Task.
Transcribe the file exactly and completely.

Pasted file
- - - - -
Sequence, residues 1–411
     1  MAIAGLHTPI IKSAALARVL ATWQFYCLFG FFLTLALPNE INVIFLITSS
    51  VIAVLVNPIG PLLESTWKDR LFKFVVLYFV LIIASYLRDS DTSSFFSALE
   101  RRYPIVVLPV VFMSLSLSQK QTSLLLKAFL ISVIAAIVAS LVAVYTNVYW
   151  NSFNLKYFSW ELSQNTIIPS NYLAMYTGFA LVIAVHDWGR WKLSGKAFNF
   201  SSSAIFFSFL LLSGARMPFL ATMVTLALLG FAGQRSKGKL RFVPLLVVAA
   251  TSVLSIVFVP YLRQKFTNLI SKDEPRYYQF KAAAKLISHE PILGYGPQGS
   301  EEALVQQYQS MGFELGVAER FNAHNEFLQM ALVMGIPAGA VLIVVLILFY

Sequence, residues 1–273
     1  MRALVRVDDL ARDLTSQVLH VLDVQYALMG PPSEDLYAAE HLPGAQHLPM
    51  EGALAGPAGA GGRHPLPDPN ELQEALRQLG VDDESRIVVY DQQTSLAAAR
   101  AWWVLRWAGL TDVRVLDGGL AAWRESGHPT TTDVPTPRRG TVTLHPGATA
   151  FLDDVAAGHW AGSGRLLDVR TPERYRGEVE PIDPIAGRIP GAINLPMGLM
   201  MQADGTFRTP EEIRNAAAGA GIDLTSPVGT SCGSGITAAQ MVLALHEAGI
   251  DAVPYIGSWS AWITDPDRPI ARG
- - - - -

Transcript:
Sequence, residues 1–411
     1  MAIAGLHTPI IKSAALARVL ATWQFYCLFG FFLTLALPNE INVIFLITSS
    51  VIAVLVNPIG PLLESTWKDR LFKFVVLYFV LIIASYLRDS DTSSFFSALE
   101  RRYPIVVLPV VFMSLSLSQK QTSLLLKAFL ISVIAAIVAS LVAVYTNVYW
   151  NSFNLKYFSW ELSQNTIIPS NYLAMYTGFA LVIAVHDWGR WKLSGKAFNF
   201  SSSAIFFSFL LLSGARMPFL ATMVTLALLG FAGQRSKGKL RFVPLLVVAA
   251  TSVLSIVFVP YLRQKFTNLI SKDEPRYYQF KAAAKLISHE PILGYGPQGS
   301  EEALVQQYQS MGFELGVAER FNAHNEFLQM ALVMGIPAGA VLIVVLILFY

Sequence, residues 1–273
     1  MRALVRVDDL ARDLTSQVLH VLDVQYALMG PPSEDLYAAE HLPGAQHLPM
    51  EGALAGPAGA GGRHPLPDPN ELQEALRQLG VDDESRIVVY DQQTSLAAAR
   101  AWWVLRWAGL TDVRVLDGGL AAWRESGHPT TTDVPTPRRG TVTLHPGATA
   151  FLDDVAAGHW AGSGRLLDVR TPERYRGEVE PIDPIAGRIP GAINLPMGLM
   201  MQADGTFRTP EEIRNAAAGA GIDLTSPVGT SCGSGITAAQ MVLALHEAGI
   251  DAVPYIGSWS AWITDPDRPI ARG